Alex Pavesi: The Eighth Detective

While Alex Pavesi’s concept in The Eighth Detective isn’t entirely new, it’s still entirely welcome and ingenious.  John Dickson Carr, in his novel The Three Coffins (1935), presented a locked room mystery while at the same time breaking away to analyze and discuss the mechanics of detective fiction to his readers.  Carr’s hero, Dr. Gideon Fell, takes on the job of explaining the different plot variations.  Pavesi has taken it a step further even than the ingenious Carr, however.

Pavesi’s central character in the novel, Grant McCallister, lives a hermit’s life on a remote island.  Twenty years ago, he’d written a book called The White Murders, published in the early 1940’s.  The book in our hands is a series of short murder mystery stories, interspersed with McCallister’s mathematical analysis of the murder mystery. There are a certain number of required elements and within this structure – and, as mystery readers everywhere already know – there are endless variations.

McCallister is being visited by an editor, Julia Hart, whose publisher is interested in reprinting The White Murders. To that end, she reads aloud each short mystery, and then she and Grant discuss the stories, including whatever slight discrepancies there might be in each one.

After each story, a new element of detective fiction is discussed: suspects, a detective, a killer or killers.  How these elements intersect provides the various, as McAllister calls them, permutations of detective fiction.  Each story provides a different example, some very clearly based on Agatha Christie’s novels. Because Christie was responsible for creating many of the tropes of detective fiction – most famously: everyone is the killer, the narrator is the killer, and everyone is killed – these are some of the tropes chosen by Pavesi in his clever, bitter little stories.

As the book progresses, Julia also quizzes Grant about himself – why does he live alone on a remote island?  Why has he never written anything else?  Why does he have such a hazy memory of stories he, after all, has written, even if twenty years ago?

There are so many calls and references to other mysteries within the pages of this book that to truly appreciate it I think you almost have to be a lifelong, hardcore lover of the genre.  (The setting and time period made me think of Mary Stewart’s romantic 1962 novel The Moonspinners).  The stories, however, are vivid in and of themselves.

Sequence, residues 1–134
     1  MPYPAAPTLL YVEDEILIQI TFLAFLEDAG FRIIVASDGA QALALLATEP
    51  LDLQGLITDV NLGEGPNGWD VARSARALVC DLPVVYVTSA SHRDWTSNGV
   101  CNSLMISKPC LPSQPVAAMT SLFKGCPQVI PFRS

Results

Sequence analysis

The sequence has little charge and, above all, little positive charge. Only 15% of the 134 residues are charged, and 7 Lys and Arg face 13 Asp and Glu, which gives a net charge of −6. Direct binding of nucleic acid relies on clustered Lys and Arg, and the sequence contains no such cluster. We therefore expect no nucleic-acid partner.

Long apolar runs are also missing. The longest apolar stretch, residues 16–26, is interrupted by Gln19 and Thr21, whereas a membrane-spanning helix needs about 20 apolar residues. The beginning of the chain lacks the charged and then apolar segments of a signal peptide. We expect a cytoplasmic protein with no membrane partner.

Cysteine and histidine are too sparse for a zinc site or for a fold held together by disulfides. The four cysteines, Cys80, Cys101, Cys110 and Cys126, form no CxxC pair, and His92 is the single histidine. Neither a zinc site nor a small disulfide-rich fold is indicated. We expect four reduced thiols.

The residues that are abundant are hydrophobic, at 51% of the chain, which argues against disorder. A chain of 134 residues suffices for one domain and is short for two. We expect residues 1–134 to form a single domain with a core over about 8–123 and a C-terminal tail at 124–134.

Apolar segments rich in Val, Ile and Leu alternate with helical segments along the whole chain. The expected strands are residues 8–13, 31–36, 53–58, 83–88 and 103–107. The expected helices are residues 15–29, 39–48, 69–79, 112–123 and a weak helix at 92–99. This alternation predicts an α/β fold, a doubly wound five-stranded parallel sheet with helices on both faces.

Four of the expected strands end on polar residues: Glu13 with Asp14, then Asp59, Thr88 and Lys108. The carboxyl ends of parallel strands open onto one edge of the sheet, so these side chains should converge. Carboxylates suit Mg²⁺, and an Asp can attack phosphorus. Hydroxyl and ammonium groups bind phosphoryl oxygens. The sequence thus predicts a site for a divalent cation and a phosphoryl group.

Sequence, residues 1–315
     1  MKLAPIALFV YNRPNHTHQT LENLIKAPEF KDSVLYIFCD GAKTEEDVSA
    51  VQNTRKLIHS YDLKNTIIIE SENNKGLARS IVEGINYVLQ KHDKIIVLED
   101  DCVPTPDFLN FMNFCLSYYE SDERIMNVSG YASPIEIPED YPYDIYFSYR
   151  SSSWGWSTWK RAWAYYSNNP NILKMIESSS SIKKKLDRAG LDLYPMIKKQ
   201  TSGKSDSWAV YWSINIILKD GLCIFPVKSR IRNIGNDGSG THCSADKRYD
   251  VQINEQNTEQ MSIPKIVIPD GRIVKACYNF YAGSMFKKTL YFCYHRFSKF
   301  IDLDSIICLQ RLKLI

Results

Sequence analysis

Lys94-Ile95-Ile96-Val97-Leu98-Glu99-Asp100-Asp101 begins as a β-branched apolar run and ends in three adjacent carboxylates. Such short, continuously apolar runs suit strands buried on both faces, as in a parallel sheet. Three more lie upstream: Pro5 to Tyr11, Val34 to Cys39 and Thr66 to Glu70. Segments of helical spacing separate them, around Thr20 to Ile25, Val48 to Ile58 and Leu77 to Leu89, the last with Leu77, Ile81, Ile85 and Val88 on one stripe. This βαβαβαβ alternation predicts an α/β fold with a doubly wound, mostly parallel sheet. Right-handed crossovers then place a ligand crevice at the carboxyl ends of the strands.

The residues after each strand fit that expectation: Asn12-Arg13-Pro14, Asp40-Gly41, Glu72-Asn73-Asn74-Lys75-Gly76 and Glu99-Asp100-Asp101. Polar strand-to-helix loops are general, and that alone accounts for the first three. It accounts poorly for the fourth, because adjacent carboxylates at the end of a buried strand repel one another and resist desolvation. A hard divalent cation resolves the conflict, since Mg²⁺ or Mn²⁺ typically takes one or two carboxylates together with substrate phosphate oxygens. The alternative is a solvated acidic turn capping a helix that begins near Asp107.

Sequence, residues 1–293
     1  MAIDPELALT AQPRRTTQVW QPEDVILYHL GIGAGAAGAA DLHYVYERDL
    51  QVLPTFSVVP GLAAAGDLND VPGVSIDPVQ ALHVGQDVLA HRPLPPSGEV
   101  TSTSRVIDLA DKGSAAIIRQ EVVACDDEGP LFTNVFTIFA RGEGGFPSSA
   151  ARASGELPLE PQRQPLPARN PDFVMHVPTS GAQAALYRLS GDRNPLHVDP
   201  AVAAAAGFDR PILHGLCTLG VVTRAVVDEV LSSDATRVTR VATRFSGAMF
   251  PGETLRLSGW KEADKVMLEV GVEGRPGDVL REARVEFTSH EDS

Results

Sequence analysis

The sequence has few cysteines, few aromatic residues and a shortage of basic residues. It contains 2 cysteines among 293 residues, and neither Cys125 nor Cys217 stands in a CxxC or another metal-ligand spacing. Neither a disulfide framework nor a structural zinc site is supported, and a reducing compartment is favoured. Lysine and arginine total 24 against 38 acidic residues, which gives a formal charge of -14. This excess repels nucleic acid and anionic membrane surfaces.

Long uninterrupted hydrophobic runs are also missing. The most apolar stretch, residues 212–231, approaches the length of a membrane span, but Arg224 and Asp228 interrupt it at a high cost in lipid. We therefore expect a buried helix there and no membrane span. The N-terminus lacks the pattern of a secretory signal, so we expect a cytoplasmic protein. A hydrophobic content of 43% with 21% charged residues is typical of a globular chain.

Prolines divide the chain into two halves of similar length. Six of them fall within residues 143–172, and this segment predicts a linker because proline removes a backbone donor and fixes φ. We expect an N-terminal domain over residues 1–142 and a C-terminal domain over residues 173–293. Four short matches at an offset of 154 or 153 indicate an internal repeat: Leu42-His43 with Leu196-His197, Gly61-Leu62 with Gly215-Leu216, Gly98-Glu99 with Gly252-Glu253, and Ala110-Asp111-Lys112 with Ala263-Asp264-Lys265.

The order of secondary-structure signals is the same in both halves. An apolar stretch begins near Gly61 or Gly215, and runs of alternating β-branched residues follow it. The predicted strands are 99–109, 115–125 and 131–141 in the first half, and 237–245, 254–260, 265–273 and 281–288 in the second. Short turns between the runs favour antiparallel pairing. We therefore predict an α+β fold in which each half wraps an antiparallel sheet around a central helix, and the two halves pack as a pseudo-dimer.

And the clever story within a story, Julia’s editing and questioning of Grant himself, creates yet another permutation of the book.  Some of the stories are stronger than others.  My personal favorite was the one based on Christie’s And Then There Were None (1939).  Pavesi takes it one further by having a family close enough to the death island to wonder what’s happening there, enough to make them go and investigate. He creates observers for us, as readers, to observe.

Because the book sets itself smack in the middle of the golden age of detective fiction – a time when Christie, Sayers and others were writing – and then self consciously looks back at the 40’s not from the present but instead from the late 1960’s, the perceptions then are filtered once again by our own in the present day. Pavesi is placing us at one remove from the pleasure of pure narrative storytelling and inviting us, instead, to consider and analyze detective fiction.  I think his ultimate question is, what makes detective fiction so enjoyable?

The book asks the reader if the detective novel has worn itself out.  I think we can answer a resounding “no”, as long as books as clever and memorable as this one continue to be written. The permutations of suspects, detective and killer continue to fascinate us, as do the resolution and answers provided by the mystery novel.  The Eighth Detective does not disappoint, as it presents these elements as well as providing the reader with a more than delicious resolution.  This is the kind of book you may want to read again the minute you finish it.